UI Fulbright awardee to write book of essays on Polish identity

Beatrice Smigasiewicz has received a 2015-16 Fulbright U.S. Student Award to Poland to write a book of essays titled Recovered Futures, which will investigate the representation of post-Soviet Polish identity in Krakow.

Smigasiewicz graduated with an M.F.A. in literary translation from the University of Iowa in May 2014 and will earn a second M.F.A. in nonfiction writing from the UI this May.

As a Polish-American, Smigasiewicz seeks to understand modern-day Poland through interviews, museum research, and study of Polish literature and architecture. She also plans to take courses in the departments of Polish Literature and Art History at her host affiliation, the Jagellonian University, where she studied abroad as an undergraduate.

Beatrice S
Beatrice will travel to Poland with her Fulbright grant to write a book of essays on Polish identity

Recovered Futures will detail Smigasiewicz’s research on the landscapes Poles need to conserve and reconstruct after decades of Soviet oppression, how these Post-Soviet reconstructions are entangled in a vision of pre-War Poland, as well as the relationship of the Polish people to these landscapes in their current form and how once-Soviet spaces become Polish spaces.

In order to understand these divergent points of view, Smigasiewicz studied art, architecture and writing at the School of the Art Institute of Chicago, and later pursued graduate degrees at the University of Iowa to investigate the relationship that binds literature, history and her own sense of place as a Polish-American writer.

“Reading Polish nonfiction writers, I found that the conversation I had been missing was in fact going on in the contemporary literature of Poland, in a way that continues to be thrilling to me,” Smigasiewicz said.

“Polish and American literatures have had, in the postwar period, a deep fascination with one another: but both countries receive only a trickle of translated works, often very out-of-date. I believe the countries and literatures have a great deal to say to one another, and I am excited to facilitate that discussion.”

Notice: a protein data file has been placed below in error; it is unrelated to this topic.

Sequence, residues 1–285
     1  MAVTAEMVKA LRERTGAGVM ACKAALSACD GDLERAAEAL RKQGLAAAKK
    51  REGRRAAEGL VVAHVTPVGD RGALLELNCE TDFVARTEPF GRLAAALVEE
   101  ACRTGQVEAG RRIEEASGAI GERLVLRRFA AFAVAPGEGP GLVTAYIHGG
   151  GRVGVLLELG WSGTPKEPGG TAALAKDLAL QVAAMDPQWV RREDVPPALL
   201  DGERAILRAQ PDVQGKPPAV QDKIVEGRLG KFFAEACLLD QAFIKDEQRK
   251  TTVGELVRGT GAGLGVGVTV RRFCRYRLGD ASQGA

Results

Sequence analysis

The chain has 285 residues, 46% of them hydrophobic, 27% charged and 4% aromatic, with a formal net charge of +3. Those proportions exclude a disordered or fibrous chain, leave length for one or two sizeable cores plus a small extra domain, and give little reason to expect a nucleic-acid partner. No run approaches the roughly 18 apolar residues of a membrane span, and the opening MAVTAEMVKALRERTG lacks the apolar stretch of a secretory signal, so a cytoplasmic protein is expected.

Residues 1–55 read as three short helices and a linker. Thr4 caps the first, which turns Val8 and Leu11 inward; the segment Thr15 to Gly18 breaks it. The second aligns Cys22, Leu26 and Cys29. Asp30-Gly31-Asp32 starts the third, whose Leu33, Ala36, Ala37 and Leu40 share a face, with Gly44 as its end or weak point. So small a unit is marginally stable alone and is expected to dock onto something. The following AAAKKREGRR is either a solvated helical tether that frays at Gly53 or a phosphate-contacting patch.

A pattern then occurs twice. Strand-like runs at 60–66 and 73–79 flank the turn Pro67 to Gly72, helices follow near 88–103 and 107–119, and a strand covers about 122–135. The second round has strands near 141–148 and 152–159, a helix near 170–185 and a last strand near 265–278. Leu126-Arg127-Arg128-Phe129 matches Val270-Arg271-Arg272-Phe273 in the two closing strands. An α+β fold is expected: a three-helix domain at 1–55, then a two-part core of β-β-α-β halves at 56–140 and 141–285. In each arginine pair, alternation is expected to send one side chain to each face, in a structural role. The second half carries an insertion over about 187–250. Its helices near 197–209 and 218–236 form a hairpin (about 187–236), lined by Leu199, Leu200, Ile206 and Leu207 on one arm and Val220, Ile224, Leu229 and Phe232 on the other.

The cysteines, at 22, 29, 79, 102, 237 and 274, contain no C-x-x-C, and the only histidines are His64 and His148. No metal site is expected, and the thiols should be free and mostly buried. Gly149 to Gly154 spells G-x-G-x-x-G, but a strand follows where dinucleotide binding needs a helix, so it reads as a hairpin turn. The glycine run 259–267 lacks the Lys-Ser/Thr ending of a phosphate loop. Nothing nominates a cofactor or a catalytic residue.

Through interviewing art historians, journalists and residents of each region as well as gathering materials such as blue prints, photographs, guide books and newsletters, Smigasiewicz will integrate artistic and historical perspectives with her personal experience of a city that has been deeply influential in defining the cultural image of Poland throughout its history. She also plans to engage with the community by leading a bi-weekly workshop in Krakow where young writers will put themselves in conversation with international essay writers by translating their work.

The workshop will be sponsored in part by Ha!Art publishers, and will present student translations during the Ha!wangarda literary festival reading in October 2016. Translated projects will also be considered for publishing in a future issue of Ha!Art magazine.

Beatrice is one of 13 Fulbright U.S. Student Program grant winners from the University of Iowa for 2015-16. See the full list of winners.

The primary source of funding for the Fulbright Program is an annual appropriation made by the U.S. Congress to the U.S. Department of State, Bureau of Educational and Cultural Affairs. For more information on applying for a Fulbright through the University of Iowa, visit our Fulbright page.

Keywords: 

Author: